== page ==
In 1939, Columbia Records hired a young graphic designer, Alex Steinweiss, to create marketing materials for its burgeoning popular recording department. At the age of 23, he proposed to his bosses that instead of the basic brown paper covers that record albums were sold in, Columbia should use some of his art to interpret the music instead. Steinweiss had talent as well as business acumen: within months Columbia saw its record sales increase by over 800%. The rest is contemporary music history.
For the next 15 years, Steinweiss was the sole designer for all Columbia’s records and later also worked for Decca, a legendary label known as much for its musicians as its artwork. He estimates he designed about 2500 albums. Taschen has recently released the massive retrospective of his work, Alex Steinweiss, The Inventor of the Modern Album Cover, which, appropriately, evokes the size and format of a bound LP book (and at 422 pages, about a hundred pounds heavier). Essays by Steven Heller and text by Kevin Reagan round out the compendium on the designer, who is still alive, by the way: Steinweiss just celebrated his 93rd birthday in Sarasota, Florida. A few gems from the collection:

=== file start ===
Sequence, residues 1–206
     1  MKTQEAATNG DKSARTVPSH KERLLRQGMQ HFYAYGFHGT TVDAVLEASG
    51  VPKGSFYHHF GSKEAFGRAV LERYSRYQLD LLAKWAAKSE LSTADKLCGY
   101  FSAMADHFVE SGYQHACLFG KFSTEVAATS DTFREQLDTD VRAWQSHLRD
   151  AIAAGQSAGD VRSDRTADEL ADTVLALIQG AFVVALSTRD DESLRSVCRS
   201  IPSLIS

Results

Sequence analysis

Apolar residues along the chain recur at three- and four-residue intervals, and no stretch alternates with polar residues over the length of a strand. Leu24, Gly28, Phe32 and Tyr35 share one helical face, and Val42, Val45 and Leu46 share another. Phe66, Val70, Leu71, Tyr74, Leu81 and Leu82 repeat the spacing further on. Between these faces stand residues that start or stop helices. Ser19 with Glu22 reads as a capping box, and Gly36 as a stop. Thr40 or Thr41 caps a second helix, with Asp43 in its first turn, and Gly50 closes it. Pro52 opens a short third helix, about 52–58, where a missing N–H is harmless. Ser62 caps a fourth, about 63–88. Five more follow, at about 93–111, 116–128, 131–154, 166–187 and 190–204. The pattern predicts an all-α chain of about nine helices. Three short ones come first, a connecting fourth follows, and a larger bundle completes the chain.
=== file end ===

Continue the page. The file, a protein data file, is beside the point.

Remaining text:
Rodgers & Hart, “Smash Song Hits.” Richard Rodgers and the Imperial Orchestra. Columbia Records, 1940.
George Gershwin, “Rhapsody in Blue.” André Kostelanetz and his orchestra; Alec Templeton, piano. Columbia, 1941.
Igor Stravinsky, “Le Sacre du Printemps (The Rite of Spring).” Igor Stravinsky, conductor; the Philharmonic-Symphony Orchestra of New York. Columbia Masterworks, 1944.
“Bing: A Musical Autobiography of Bing Crosby, 1927-1934.” Bing Crosby with Buddy Cole and his trio. Decca Gold Label Series, 1961.